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Brenna_o's avatar

What should I ask a college rep.?

Asked by Brenna_o (1729points) October 18th, 2009

I am a junior in highschool and Im going to a college fair tomorrow morning. I need help on what type of questions I should ask different college representatives. Or any advice on things that I should look for in a college, the campus, and things like that. Any advice would help pretty much, Im so clueless.

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12 Answers

gailcalled's avatar

Look to yourself first. What kind of student are you? What do you enjoy studying? Are you a social butterfly or a shy type? An athlete, musician, community activist? How far away from home is good or feasible? What are the financial restraints? Do you want a huge uni or a small college? City, country? Ability to order pizza at 3 AM or cross-country ski to class?

Frats and sororities? Party school? Drunken week-ends? Peace and quiet?

Get figures froma the reps. Difficulty or ease of admission…range of test scores that are acceptable….well, you get the point.

Brenna_o's avatar

I am a musician and love playing the flute. I plan to study social work and be licensed by the time i graduate.

gailcalled's avatar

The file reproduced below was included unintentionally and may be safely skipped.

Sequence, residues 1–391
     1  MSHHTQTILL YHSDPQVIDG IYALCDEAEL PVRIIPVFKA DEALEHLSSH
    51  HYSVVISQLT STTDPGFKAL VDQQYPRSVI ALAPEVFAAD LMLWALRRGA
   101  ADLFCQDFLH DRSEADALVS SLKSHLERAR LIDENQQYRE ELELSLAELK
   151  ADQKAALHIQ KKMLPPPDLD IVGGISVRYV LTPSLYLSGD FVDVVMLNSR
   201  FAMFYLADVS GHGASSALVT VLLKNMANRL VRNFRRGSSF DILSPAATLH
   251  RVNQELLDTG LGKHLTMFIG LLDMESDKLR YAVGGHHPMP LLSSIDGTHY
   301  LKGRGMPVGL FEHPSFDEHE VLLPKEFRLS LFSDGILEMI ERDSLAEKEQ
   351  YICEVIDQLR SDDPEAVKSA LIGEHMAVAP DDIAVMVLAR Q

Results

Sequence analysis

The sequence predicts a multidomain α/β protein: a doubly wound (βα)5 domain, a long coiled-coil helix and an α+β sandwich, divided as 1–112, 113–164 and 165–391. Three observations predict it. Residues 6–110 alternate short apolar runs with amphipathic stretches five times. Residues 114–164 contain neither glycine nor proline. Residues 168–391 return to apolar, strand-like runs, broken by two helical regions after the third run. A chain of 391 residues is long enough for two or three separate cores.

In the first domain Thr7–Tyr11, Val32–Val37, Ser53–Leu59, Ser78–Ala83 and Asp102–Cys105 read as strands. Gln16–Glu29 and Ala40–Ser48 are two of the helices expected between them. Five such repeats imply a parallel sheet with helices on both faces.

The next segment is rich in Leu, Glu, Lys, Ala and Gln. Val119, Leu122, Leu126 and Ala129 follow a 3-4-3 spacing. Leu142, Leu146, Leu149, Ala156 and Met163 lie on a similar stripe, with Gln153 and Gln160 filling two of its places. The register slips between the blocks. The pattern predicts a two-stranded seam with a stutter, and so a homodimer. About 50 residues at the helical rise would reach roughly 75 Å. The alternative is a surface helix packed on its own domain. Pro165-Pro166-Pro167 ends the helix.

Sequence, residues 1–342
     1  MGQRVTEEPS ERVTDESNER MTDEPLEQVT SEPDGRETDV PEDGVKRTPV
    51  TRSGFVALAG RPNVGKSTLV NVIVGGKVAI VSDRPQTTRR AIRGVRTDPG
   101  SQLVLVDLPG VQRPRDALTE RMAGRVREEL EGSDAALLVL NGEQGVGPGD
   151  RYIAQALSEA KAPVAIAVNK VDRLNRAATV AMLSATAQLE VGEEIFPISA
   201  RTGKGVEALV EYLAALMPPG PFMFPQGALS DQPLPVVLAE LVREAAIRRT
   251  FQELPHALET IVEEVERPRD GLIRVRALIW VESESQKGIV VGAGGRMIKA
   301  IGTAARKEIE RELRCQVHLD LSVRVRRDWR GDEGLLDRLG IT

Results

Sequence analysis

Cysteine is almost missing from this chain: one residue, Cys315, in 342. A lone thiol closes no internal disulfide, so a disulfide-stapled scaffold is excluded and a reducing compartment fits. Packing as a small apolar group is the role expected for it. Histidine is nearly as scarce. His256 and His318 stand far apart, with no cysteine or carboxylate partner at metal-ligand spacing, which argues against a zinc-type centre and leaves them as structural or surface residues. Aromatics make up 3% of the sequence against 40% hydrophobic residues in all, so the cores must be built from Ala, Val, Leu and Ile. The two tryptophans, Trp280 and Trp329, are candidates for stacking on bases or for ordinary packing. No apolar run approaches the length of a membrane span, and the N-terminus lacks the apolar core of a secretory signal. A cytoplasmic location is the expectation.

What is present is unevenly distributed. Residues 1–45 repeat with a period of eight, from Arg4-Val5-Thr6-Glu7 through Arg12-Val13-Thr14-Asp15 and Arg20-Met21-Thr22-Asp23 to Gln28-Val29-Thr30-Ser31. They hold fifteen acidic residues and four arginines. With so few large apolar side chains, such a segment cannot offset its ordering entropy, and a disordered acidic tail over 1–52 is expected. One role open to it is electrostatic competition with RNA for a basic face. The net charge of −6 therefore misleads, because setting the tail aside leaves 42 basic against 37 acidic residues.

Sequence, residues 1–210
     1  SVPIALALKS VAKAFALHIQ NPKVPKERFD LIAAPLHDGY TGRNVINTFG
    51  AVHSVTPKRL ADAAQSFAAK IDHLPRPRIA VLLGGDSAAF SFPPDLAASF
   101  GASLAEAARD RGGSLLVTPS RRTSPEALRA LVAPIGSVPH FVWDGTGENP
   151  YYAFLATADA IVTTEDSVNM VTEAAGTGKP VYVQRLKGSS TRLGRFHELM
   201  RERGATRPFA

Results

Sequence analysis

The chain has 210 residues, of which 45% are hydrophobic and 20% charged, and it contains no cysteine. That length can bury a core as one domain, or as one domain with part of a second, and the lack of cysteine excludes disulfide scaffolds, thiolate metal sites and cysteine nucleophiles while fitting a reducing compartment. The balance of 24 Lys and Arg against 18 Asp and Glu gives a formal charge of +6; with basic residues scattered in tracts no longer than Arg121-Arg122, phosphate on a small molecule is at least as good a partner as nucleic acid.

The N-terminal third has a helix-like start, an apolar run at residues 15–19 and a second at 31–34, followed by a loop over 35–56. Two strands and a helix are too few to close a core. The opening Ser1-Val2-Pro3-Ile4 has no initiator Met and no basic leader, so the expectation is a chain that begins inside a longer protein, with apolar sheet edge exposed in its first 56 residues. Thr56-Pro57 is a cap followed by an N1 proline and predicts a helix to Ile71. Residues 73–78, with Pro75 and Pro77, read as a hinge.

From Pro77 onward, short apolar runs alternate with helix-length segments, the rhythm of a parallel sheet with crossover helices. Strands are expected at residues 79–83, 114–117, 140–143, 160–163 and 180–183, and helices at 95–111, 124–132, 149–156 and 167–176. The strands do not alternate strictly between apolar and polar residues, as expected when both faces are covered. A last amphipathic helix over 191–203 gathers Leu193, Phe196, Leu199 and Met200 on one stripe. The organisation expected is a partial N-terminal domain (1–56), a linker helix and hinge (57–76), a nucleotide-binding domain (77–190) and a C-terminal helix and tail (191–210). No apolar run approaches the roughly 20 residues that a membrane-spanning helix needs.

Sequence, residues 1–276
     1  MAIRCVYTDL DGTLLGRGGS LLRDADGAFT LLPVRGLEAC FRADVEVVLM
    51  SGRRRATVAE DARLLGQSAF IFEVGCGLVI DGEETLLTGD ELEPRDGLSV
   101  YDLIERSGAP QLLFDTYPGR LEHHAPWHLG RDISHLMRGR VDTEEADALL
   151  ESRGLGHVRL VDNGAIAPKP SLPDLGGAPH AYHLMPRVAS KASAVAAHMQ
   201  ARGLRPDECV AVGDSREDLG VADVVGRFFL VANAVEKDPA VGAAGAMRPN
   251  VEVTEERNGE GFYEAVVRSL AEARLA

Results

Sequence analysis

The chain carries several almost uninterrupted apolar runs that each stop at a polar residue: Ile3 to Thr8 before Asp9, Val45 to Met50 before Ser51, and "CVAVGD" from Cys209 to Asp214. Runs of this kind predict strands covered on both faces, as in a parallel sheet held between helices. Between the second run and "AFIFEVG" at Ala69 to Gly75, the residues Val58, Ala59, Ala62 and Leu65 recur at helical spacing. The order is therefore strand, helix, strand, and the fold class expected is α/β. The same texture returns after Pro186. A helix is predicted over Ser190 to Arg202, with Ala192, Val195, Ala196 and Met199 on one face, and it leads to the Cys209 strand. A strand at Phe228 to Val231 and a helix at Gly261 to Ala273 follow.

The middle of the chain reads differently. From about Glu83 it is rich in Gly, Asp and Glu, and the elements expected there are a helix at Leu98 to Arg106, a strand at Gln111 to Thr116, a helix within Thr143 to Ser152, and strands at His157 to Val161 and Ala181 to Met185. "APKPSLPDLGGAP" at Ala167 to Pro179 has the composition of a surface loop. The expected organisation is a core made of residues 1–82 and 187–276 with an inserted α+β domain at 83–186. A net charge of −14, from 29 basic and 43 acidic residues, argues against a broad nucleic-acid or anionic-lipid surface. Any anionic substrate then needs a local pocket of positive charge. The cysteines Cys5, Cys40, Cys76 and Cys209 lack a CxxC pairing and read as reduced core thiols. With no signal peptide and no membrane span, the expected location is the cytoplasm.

That takes care of some of your issues. Think about the non-academic side of life on campus. And keep in mind that you may change your mind about wanting to be a Social Worker. It will take someone approximately 200 years to take all the undergrad courses listed in the Harvard College catalog. (Although that may have changed since their endowment dropped to $26 billion….doing this from memory, remember.)

I would wager that your playing the flute will remain a life-long passion. Every decent college has an orchestra, so you could ask about that.

Have you and your family discussed the financial realities? These days that is the place to start. Good luck.

cjmegatron81's avatar

Truly understand the material. So not just remember and spit out facts.

gailcalled's avatar

@cjmegatron81: These college fairs are for disseminating information and material and tempting the window shopper, so to speak.

Brenna_o is starting from scratch and trying to sort out how to winnow down 2000 or so choices to 6 or 7. The importance of understanding and appreciating a college that might suit her is for the interview stage.

Brenna_o's avatar

@cjmegatron81 There are like 300 colleges going to be there! So I have a feeling it will be overwhelming but my mom has helped me pick like 16 colleges to specifically look at. But im still so insure of what i want to be.

gailcalled's avatar

You are supposed to be unsure at 16. If you are leaning towards a degree in Liberal Arts (BA) you don’t have to declare a major or special interest until your third year. Tomorrow is for you to start the process; it’s only step number one.

smile1's avatar

@Brenna_o haha. im a junior in high school as well! today, i went to a college fair, and, i learned, that you have to know what you are vaguely interested in (could be major, or something as small as do you want to go to somplace far away, or someplace cold/warm?). or else, you will get bombarded with wayyyy to much info than you will ever need by going to each and every 360 some colleges